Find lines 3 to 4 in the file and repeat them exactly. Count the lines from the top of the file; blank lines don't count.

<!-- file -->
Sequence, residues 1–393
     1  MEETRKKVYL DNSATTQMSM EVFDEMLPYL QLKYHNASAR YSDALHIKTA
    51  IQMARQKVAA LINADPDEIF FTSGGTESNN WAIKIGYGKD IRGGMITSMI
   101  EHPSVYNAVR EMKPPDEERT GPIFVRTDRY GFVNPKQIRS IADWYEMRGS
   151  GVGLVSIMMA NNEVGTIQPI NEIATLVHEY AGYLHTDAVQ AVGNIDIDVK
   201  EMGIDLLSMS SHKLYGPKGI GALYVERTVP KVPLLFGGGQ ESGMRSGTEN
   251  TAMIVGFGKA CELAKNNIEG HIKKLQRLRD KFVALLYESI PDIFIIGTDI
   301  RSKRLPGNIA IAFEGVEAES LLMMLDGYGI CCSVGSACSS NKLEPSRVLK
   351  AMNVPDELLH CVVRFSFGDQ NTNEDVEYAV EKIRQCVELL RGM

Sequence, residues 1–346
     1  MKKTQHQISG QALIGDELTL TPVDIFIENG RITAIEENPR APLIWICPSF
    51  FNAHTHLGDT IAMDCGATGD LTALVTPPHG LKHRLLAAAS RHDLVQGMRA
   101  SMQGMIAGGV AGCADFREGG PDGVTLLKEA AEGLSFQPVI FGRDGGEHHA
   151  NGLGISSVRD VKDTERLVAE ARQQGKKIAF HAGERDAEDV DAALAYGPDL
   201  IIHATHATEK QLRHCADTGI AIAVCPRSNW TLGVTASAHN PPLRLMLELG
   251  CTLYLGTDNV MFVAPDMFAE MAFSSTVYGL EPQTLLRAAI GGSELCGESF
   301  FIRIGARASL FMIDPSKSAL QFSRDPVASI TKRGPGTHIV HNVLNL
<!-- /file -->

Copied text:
    51  IQMARQKVAA LINADPDEIF FTSGGTESNN WAIKIGYGKD IRGGMITSMI
   101  EHPSVYNAVR EMKPPDEERT GPIFVRTDRY GFVNPKQIRS IADWYEMRGS